Our blogstress-fave The Anchoress was invited to comment on CBS News’s new Rather-free format–and lo, she “rather” liked its efforts to transcend the usual Mainstream Media contempt for all that is connected to the war in Iraq:

“‘The Home Front’ is currently another nightly segment of the broadcast which — for the next two weeks — will feature Sharyn Alfonsi traveling across the country, from South Carolina to California, exploring American thoughts and feelings on the war effort. Her treck began at the Marine Boot Camp at Parris Island, where Alfonsi asked young recruits why they had enlisted and what they expected to find beyond their basic training; her report was a showcase of youth and optimism. Alfonsi was respectfully impressed with the commitment she saw, and she admiringly professed that the grueling marine training displayed ‘a lot of heart’ on the part of the recruits.”

But of course the Mainstream Media can’t help being what it is, as in this “Home Front” segment on the children of military parents whose tours of duty in Iraq have been extended:

“While it is certainly necessary to be aware that the children of soldiers face a peculiar sort of suffering, the piece was grim. The focus was on kids whose parents were overdue, whose orders had been changed, and the suggestion seemed to be that the children were becoming jaded and giving up on ever seeing their mothers or fathers again. Once more, I felt a little manipulated. My heart ached for children, but I couldn’t help thinking, ‘wait a second – some of these kid’s parents must have come home, right? Do we get to see them? Do we get to see the moms and other family members who are living with these children and working hard to help them cope with missing a beloved parent? Is there not a single child in Fort Benning who feels pride in what his or her parent is doing? ‘ The whole piece had a distinct patina of tragedy, abandonment and hopelessness. The children were shown only in their school — institutional — environment, which gave the impression that there were no warm homes, no family meals, no kisses and tucked-in-beds in their lives. When the piece covered the children saying goodbye to a gym teacher who was being deployed, the abandonment theme was complete. ‘Even the teacher…’ was leaving these kids. Did I say the piece was grim? Beyond grim, it was two minutes of unrelieved hopelessness. That children miss their parents at war, and live with some anxiety for their safe return, is very sad, indeed, and completely newsworthy, but to portray them as bleak, untethered little balls of misery, having no resources, seemed tremendously unfair to their parents both here and away, and somewhat exploitative.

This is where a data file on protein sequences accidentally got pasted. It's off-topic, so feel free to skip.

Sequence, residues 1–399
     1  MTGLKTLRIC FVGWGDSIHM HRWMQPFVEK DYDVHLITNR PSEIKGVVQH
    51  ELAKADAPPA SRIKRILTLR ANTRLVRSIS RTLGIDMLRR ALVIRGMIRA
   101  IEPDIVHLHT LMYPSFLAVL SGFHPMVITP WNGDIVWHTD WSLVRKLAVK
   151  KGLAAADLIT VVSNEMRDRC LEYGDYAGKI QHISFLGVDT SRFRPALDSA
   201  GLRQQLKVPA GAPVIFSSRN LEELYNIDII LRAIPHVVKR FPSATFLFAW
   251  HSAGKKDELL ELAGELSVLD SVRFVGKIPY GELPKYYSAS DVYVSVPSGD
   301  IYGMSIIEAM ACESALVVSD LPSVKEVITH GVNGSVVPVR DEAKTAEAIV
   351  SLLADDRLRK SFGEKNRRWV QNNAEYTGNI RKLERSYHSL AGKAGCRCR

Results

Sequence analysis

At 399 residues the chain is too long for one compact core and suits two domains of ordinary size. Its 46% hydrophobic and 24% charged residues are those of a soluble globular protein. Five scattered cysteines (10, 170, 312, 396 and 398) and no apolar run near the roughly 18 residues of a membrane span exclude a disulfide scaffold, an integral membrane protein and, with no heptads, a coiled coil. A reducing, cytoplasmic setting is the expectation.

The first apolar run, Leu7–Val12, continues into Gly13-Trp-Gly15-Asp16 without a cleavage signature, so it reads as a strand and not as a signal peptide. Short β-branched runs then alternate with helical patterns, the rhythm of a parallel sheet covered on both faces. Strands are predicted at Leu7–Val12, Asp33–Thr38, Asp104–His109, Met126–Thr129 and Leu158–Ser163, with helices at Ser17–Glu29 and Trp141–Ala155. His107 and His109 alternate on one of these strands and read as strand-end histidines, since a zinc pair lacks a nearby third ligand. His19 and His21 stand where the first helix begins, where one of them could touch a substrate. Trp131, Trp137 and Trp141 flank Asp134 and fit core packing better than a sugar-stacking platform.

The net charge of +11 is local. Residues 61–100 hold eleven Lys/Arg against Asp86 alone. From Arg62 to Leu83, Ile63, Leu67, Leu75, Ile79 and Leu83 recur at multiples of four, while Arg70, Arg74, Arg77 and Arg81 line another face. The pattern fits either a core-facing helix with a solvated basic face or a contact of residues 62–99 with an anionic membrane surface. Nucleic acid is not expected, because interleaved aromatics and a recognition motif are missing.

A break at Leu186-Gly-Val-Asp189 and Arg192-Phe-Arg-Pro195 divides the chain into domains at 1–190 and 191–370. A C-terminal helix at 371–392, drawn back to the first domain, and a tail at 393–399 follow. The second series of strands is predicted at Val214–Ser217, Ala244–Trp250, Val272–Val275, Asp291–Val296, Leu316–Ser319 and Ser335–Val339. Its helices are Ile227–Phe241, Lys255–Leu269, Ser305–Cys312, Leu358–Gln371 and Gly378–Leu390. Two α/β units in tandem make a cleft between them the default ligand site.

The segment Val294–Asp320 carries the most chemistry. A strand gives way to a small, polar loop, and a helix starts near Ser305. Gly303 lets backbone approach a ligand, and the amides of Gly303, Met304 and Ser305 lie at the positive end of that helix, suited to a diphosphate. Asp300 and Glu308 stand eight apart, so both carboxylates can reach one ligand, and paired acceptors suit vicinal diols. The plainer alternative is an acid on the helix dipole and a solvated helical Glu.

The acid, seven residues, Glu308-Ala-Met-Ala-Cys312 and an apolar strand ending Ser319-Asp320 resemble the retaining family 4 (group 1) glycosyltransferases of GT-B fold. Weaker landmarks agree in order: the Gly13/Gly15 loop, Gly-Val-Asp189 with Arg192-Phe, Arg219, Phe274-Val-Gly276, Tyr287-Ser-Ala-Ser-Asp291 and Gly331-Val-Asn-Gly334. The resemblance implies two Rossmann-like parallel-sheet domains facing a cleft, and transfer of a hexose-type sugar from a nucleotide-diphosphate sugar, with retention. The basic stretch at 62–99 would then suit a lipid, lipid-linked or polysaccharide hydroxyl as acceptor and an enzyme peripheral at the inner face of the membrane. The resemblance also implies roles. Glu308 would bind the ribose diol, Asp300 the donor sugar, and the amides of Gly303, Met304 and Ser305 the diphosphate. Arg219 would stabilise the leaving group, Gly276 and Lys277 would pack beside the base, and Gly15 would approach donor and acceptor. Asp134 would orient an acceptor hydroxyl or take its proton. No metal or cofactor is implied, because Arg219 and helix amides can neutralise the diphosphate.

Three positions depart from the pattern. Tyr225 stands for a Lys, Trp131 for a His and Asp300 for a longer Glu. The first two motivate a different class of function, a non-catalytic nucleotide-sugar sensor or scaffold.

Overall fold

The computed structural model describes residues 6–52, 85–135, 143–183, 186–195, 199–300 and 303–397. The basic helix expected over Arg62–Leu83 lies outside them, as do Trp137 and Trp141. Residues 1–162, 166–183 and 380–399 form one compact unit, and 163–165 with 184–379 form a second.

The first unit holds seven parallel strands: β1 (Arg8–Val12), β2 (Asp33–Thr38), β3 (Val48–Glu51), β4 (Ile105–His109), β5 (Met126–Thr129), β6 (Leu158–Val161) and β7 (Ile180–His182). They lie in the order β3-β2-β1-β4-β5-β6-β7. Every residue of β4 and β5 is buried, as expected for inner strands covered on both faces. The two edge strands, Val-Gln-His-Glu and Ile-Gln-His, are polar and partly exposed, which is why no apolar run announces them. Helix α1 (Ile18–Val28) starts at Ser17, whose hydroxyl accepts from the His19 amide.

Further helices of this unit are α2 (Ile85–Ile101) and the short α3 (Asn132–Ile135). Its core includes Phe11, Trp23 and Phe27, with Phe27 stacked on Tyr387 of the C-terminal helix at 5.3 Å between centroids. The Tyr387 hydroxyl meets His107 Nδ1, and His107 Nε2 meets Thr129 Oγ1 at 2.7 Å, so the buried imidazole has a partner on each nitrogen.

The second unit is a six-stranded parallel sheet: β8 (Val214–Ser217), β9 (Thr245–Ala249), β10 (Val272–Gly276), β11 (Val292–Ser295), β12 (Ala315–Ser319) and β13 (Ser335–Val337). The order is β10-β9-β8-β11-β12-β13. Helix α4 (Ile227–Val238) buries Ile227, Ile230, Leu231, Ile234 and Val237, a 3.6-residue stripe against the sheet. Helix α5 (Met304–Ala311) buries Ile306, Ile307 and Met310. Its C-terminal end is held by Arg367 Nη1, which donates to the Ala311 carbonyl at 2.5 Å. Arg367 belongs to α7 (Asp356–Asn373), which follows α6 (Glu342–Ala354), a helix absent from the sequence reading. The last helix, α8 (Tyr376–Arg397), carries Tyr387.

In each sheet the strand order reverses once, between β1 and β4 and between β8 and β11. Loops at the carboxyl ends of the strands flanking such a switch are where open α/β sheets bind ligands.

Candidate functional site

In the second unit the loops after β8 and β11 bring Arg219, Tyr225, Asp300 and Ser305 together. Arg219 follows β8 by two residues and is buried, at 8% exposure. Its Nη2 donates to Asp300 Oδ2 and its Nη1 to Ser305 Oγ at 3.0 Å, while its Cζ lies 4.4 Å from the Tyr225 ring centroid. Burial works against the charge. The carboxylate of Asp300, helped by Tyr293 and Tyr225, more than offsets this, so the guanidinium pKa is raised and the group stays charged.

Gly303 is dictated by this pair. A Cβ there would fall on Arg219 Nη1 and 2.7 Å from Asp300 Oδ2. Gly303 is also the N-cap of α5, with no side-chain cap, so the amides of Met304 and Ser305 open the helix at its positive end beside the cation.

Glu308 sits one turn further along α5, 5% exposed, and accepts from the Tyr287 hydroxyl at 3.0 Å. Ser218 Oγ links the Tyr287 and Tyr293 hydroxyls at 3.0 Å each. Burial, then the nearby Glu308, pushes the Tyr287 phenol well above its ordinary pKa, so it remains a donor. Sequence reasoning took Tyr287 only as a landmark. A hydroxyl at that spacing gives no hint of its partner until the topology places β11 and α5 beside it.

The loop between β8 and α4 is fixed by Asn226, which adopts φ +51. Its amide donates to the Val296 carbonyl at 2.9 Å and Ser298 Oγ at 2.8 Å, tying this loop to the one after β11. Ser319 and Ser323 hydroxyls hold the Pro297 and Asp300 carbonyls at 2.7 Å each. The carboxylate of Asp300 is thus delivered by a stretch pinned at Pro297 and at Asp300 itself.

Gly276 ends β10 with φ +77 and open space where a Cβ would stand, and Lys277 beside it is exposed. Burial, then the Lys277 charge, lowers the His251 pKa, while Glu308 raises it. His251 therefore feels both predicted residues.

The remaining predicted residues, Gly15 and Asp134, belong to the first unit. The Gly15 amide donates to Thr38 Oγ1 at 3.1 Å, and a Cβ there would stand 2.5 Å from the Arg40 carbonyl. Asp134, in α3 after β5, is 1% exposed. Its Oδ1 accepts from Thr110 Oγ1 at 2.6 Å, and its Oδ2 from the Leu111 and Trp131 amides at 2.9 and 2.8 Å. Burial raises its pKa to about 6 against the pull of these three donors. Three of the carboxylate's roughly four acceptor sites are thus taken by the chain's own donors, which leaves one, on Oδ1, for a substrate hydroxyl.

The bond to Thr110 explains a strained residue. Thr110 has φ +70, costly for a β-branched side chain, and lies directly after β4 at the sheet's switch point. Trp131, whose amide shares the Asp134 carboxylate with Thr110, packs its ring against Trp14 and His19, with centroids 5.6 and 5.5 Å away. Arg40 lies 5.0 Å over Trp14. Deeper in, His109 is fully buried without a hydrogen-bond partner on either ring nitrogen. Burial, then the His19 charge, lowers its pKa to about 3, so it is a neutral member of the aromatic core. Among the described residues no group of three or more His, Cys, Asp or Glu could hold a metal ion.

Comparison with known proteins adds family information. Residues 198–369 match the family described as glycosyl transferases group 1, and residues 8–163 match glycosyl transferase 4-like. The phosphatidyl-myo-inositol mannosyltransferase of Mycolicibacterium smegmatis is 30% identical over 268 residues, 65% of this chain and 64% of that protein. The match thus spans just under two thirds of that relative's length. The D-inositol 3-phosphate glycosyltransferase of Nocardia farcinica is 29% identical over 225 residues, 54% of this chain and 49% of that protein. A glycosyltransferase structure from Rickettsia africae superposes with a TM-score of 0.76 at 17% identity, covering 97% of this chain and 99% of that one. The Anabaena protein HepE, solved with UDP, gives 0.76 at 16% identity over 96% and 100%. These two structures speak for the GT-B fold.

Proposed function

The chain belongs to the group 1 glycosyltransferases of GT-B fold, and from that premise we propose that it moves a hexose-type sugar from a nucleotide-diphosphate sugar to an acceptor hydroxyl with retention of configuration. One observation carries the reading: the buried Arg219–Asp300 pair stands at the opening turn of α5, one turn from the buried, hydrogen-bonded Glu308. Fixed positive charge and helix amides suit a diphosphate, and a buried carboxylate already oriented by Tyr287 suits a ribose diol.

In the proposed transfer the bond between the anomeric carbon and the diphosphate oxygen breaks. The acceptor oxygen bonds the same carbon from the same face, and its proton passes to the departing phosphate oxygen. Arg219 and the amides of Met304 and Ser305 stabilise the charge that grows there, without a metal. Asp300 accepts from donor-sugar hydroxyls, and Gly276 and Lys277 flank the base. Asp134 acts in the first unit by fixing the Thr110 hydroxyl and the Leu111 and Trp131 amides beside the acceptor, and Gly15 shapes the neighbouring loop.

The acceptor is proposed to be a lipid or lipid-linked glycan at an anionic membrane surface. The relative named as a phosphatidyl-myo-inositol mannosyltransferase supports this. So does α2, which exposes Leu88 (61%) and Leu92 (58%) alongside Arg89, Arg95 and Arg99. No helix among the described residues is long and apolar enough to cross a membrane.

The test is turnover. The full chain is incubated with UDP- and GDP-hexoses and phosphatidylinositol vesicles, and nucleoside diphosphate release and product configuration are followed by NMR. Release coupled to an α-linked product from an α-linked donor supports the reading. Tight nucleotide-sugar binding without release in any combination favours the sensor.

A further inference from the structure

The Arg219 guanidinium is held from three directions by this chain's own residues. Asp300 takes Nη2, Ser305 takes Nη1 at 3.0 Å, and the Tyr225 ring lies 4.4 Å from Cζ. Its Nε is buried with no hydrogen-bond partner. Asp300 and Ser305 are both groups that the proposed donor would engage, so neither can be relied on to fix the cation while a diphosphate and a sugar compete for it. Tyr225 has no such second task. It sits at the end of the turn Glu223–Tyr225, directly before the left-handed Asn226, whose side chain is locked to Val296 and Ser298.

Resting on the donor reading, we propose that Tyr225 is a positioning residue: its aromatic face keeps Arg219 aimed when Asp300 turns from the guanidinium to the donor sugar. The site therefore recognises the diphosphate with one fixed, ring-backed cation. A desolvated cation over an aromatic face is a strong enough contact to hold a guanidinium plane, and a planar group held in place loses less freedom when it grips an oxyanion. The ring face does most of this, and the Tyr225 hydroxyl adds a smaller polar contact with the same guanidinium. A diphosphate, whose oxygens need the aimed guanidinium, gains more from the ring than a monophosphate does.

“I found my anger on behalf of those children rekindled the next night when Alfonsi, now in Birmingham, Alabama, focused on 12 anti-war protesters — some of them veterans — demonstrating on a corner. Recalling that only the day before Sharyn Alfonsi had interviewed Ft. Benning children who clearly stated they found such protests troubling, I thought it was a bit raw. That a dozen people, some veterans – including one enlistment recruiter – situated in the deeply ‘pro-war’ South are against the war effort could be newsworthy. But this report focused on recruiter guilt, the churlishness of war supporters (‘have you been spit on?’) and the patriotic pedigree of protesting to ‘bring the troops home,’ and never asked a protester what he or she thought might be the immediate result of such a pull-out.”

Ah, you can take the media out of the mainstream (as seems to be happening as the Internet increasingly renders TV news irrelevant), but you can’t take the mainstream out of the media.